Taking the information technology opportunity

Glen Koskela, director of technology strategy at Fujitsu Siemens, on how the region can benefit from innovative IT implementation.
Taking the information technology opportunity
By Administrator
Sun 20 May 2007 12:00 AM

Why did Fujitsu Siemens choose to come and speak in the latest Management Innovation Forum here in the UAE?

We are here to raise the attention for our customers of how important innovation is, and to encourage them to look into their own operations, in order to understand how they might best innovate.

It's important for any organisation, whether public or private, to look into the value that they deliver and not only focus on the cost side of the company.

For you, what are the benchmarks of innovation strategy?

From the mechanism point of view, it's about how we facilitate creativity workshops, there needs to be a pipeline for managing the ideas and maturing them into a business case.

We are continually being audited by benchmarking companies and according to research carried out by AT Kearney who interviewed and audited us, we are currently one of the top ten runners-up for the best innovator award.

In this region, it's often said there's not enough R&D. Is R&D important for innovation?

The first question is ‘is that really crucial for the region?' For the Middle East, there's not much point in investing into R&D that someone is already doing because that's simply entering into direct competition.

Instead of that, I think that most of the industries in the Middle East would profit from learning how to benefit from the value of the IT that is being created, rather than the development of it. In my opinion, that productivity gain can be tremendous over here in the Middle East.

Both the manufacturing and construction industries and the oil, finance and investment sectors should focus on exploiting IT solutions, and I really believe that this is an area where the Middle East could become a world leader very quickly.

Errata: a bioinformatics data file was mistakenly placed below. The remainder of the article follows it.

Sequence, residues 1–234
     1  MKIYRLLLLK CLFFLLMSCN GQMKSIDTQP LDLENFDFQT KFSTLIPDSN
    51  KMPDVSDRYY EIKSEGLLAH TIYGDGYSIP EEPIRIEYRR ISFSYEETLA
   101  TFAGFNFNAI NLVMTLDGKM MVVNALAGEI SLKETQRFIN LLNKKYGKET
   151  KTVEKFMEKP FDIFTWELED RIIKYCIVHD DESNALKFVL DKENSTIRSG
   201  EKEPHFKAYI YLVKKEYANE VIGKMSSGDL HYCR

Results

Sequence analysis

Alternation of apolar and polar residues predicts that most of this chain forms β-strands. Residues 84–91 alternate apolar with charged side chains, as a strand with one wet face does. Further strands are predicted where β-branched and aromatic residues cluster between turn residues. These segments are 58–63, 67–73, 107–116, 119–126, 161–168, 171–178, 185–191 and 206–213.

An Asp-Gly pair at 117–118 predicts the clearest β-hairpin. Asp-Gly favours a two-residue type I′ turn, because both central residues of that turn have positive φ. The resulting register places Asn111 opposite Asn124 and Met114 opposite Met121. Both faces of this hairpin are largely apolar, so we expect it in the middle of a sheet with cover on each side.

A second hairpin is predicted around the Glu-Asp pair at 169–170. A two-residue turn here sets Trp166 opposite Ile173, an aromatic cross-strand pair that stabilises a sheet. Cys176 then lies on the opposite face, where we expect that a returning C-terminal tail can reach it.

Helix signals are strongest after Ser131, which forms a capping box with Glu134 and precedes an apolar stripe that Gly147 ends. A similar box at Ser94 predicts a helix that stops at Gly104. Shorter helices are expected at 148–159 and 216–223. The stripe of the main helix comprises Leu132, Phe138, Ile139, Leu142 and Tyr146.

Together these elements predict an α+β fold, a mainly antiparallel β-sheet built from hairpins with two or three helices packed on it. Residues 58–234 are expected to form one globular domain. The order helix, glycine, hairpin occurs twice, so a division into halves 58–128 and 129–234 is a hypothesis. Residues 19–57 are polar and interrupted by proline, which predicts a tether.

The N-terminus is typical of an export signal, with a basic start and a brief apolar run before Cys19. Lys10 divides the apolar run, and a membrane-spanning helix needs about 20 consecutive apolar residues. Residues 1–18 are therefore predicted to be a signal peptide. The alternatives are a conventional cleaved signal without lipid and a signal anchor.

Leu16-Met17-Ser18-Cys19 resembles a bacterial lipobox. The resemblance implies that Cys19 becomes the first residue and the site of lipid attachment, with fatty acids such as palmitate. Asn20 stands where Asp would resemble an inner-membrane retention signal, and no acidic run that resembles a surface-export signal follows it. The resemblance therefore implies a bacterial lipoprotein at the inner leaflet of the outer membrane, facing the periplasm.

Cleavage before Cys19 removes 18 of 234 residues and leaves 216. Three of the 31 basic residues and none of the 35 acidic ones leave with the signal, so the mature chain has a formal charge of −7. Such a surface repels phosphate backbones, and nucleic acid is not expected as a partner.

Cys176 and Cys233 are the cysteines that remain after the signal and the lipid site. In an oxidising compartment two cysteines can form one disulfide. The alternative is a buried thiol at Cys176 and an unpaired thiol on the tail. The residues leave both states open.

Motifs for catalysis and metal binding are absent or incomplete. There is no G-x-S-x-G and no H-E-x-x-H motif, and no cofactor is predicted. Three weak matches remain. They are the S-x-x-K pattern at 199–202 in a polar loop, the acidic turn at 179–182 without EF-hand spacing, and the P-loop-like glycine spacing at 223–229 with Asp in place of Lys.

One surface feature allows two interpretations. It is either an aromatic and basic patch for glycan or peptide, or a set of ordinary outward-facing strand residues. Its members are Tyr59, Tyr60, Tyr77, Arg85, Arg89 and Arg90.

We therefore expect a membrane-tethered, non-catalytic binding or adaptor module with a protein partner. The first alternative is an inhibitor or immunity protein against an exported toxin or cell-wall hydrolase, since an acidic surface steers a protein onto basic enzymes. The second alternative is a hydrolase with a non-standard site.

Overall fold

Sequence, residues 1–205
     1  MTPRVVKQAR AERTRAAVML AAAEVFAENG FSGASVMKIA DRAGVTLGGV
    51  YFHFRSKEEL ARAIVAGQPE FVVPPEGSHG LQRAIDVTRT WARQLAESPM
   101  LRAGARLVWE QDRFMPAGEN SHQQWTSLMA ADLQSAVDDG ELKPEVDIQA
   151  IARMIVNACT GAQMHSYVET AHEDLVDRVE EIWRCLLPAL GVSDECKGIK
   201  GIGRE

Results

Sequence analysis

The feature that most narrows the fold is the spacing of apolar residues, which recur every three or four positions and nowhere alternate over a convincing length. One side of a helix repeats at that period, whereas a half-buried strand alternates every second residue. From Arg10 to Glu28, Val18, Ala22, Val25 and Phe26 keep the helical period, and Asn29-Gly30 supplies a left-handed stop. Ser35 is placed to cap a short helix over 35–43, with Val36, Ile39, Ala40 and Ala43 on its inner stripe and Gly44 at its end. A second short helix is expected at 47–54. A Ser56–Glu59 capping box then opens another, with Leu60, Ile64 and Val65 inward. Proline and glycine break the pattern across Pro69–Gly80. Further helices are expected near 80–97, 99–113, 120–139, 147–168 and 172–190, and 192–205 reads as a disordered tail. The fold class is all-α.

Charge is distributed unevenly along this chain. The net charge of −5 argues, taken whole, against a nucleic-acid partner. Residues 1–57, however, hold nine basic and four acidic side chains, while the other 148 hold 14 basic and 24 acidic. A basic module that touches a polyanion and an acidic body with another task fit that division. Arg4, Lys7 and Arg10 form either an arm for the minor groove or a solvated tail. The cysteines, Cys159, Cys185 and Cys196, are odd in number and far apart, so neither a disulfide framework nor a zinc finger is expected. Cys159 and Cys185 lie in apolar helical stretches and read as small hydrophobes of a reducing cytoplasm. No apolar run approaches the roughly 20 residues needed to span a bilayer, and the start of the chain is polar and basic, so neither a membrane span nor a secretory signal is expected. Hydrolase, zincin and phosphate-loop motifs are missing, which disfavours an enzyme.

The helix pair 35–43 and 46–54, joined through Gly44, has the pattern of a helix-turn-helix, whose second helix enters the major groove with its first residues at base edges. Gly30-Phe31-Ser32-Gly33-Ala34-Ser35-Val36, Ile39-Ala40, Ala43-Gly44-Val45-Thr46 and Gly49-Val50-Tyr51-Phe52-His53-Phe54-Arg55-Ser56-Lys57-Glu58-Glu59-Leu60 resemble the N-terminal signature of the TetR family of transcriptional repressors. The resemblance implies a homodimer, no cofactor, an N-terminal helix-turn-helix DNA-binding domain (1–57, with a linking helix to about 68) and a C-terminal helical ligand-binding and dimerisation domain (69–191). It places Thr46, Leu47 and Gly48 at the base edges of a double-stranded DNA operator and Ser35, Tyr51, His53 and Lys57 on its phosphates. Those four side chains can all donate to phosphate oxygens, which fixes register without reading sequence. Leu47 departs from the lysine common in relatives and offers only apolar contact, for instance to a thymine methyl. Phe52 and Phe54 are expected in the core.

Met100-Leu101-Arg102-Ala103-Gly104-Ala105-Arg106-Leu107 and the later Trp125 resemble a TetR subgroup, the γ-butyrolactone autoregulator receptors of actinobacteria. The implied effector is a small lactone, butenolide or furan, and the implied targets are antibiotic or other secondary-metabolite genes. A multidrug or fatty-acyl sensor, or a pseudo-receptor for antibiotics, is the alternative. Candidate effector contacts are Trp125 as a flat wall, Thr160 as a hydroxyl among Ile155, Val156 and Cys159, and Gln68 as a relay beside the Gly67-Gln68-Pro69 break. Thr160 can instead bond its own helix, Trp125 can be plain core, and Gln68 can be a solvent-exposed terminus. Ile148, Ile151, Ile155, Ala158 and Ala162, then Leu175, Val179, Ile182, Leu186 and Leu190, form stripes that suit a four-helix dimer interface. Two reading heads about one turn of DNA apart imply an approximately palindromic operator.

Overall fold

So what do you think of the Middle East's current level of IT exploitation?

I would say they're on the same learning curve of using IT as it's being used everywhere else, but that's copy-catting and will only take you to the same level as everyone else is already at.

But looking at all the construction sites here, just think of all the technology you could implement such through automating the buildings. With the investments currently made in property here, it would be completely passable to establish a very good worldwide position in the automation market.

This entails the air conditioning, heating, lighting systems and energy consumption and how to control them. There's a real opportunity to create the mechanisms, technologies and IT processes, and then scale them with the property investment that is done locally. That would give you an R&D segment in which to invest, enabling them to create uncontested market space and make competition irrelevant.

How much would it cost to implement automation into an average sized building?

I can only give a ballpark figure. The cost of implementing the electronics would carry a double-digit percentage share of the cost of constructing the building. That might sound extremely high but you get the return on your investment by using the automated facilities to run the building for the next 50 or so years and not having to pay employees for facility management. Building automation is a high-tech industry.

Fujitsu Siemens are known for introducing mobility solutions into the healthcare sector. Are you hoping to bring that to the Middle East and to the UAE more specifically?

Definitely. In conjunction with Intel, we recently organised a ‘Mobility Tour' in Kuwait under the theme ‘More Mobility - More Productivity'. We recently carried out a survey that showed that more than 70% of companies, ranging from SMB's to larger enterprises, have implemented mobile solutions.

Our products for the healthcare sector have empowered medical professionals to boost productivity, while ensuring total patient satisfaction. They can now access electronic patient files while on the move and at the bedside, electronically record clinical data, facilitate better medical coordination, access accurate and up-to-date medical images anywhere and anytime, and minimise paper processing, reducing costs.

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